KUALA LUMPUR, April 4 — The future of rape victims is “not bleak” if they are married to their rapists, Umno’s Tasek Gelugor MP Datuk Shabudin Yahya said today.
Speaking in the Dewan Rakyat while debating the Child Sexual Offences Bill, Shabudin said that marriage between a victim and her rapist can in fact help solve social problems.
“The thing is they have an opportunity — with a marriage they can lead a healthy and good life,” he said during the committee stage debate of the Bill.
“For a wife that was raped, if she can marry (the person) she would not go through such a bleak future. At least she has someone who can become her husband. So this will be a remedy to social problems,” he added.
Shabudin said so while objecting to an amendment to the Bill proposed by Teo Nie Ching (Kulai-DAP), who wanted the Bill to be amended to also spell out the invalidity of child marriages.
The proposed amendment was voted down and the Bill was subsequently passed without any major changes.
Shabudin said that it is not fair to “assume” that a person committed a sexual offence will continue being a “bad person”.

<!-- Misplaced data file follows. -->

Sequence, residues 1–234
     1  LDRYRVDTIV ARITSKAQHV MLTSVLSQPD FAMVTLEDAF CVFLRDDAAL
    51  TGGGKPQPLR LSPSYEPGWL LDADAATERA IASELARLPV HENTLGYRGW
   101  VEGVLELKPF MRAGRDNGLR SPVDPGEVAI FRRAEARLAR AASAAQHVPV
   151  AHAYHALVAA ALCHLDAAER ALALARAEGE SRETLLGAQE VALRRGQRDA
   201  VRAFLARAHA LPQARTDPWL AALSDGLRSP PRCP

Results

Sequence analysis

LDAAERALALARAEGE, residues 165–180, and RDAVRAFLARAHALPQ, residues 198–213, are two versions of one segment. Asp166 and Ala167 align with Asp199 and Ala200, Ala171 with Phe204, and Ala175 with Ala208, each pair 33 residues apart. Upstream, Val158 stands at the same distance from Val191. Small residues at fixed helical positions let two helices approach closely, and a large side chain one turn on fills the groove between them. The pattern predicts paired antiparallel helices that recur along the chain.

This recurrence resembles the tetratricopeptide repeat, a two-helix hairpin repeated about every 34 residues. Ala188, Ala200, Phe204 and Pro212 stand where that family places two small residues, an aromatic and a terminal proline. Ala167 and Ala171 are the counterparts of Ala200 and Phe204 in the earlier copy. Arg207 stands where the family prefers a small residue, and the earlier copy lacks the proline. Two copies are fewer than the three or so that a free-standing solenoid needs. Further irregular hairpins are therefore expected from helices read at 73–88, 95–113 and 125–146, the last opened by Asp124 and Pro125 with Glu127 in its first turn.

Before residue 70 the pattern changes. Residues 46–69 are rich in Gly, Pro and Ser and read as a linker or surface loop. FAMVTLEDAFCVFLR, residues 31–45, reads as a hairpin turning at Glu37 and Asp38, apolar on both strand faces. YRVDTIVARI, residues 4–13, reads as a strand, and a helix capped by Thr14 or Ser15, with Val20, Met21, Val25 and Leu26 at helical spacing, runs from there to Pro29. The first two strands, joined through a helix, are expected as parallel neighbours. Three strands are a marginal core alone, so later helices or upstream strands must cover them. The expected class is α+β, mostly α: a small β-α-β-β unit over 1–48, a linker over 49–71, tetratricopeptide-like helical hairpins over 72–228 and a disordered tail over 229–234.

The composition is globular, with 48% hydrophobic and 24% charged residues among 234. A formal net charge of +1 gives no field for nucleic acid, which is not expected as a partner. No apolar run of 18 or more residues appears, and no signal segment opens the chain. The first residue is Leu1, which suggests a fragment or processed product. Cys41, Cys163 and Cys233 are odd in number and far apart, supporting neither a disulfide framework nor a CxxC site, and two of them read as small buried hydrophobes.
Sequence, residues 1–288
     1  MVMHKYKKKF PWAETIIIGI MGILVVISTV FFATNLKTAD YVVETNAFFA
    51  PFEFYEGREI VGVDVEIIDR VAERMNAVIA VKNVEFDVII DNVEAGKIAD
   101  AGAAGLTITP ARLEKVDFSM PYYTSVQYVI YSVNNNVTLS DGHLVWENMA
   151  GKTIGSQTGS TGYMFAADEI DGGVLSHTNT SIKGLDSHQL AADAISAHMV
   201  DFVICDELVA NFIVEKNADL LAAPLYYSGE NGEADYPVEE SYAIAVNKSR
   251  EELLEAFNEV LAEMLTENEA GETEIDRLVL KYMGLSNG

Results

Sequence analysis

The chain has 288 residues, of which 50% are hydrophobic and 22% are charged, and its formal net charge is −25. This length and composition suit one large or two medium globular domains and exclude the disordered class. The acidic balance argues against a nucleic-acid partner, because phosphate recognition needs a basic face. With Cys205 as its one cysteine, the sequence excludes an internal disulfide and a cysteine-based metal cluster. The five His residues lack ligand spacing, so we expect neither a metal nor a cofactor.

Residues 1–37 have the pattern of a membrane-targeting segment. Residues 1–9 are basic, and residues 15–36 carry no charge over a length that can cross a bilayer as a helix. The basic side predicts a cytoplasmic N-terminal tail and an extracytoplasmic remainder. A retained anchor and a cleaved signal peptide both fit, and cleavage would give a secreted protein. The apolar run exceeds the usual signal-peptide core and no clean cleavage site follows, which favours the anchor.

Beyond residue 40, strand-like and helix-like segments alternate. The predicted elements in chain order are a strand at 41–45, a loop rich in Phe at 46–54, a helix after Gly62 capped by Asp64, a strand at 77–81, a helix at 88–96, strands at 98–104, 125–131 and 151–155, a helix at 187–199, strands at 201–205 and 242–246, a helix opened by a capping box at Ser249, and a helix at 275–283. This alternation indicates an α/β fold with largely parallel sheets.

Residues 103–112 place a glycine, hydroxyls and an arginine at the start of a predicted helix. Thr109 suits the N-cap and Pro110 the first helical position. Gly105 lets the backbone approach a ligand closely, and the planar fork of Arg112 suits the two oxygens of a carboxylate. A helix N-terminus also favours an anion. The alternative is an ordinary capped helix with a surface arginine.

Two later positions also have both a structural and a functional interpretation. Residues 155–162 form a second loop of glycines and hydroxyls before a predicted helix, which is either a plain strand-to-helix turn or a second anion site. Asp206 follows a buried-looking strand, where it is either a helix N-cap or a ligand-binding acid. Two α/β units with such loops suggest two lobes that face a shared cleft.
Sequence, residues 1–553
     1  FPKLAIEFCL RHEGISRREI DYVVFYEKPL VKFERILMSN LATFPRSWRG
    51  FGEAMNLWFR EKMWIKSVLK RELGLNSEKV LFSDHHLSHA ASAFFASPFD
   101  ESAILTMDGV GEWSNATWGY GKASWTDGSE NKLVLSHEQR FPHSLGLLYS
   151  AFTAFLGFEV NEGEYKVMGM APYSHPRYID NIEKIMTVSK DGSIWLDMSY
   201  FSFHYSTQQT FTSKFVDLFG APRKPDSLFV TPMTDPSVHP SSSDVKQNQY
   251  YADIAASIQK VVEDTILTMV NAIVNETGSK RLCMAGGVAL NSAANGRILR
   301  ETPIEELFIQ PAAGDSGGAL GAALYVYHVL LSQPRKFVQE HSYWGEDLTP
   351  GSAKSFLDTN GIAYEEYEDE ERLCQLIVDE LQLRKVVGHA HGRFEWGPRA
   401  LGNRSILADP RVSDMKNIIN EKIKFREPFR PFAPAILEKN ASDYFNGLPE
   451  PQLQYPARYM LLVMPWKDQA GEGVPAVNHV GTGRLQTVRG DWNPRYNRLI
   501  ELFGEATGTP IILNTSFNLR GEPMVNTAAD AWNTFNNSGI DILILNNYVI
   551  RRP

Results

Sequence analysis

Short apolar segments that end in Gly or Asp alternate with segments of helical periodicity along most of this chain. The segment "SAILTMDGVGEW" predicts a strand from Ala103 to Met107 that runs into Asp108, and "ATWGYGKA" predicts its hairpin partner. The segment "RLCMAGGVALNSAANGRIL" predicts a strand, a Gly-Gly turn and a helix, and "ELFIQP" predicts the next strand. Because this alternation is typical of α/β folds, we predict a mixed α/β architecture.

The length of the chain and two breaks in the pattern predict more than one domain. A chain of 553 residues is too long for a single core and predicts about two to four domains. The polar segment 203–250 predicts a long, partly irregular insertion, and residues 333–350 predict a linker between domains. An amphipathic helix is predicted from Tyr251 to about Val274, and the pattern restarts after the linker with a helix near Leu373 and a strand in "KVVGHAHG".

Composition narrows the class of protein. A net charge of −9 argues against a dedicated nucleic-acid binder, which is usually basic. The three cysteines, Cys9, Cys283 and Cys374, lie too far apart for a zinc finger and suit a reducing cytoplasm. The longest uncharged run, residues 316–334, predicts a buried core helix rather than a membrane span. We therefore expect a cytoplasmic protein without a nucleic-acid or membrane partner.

“Maybe he repents, or regrets. It is better to have people who regret rather than people who do not regret. So in this case, let us not put an assumption that the person will remain bad. (Marriage) can be an exit clause for this problem,” he said.
He also said that physically and spiritually it is not a problem to marry off girls aged between 9 to 12 years old.
“They reach puberty at the age of 9, or 12. And at that time, the physical state of their body is already akin to them being 18 years old,” he said.
“So physically and spiritually it is not a barrier for the girl to marry,” he added.
Shabudin was defending existing provisions which allows minors to be married off as long as their parents or guardians seek permission from the Shariah Courts.
There is limited data about child marriages in Malaysia, but it was previously reported that around 15,000 girls below the age of 19 are married in the country.
The new Bill by Putrajaya criminalises sexual connection without consent to minors aged 18 and below, but provisions allowing child marriages was not addressed in the Bill.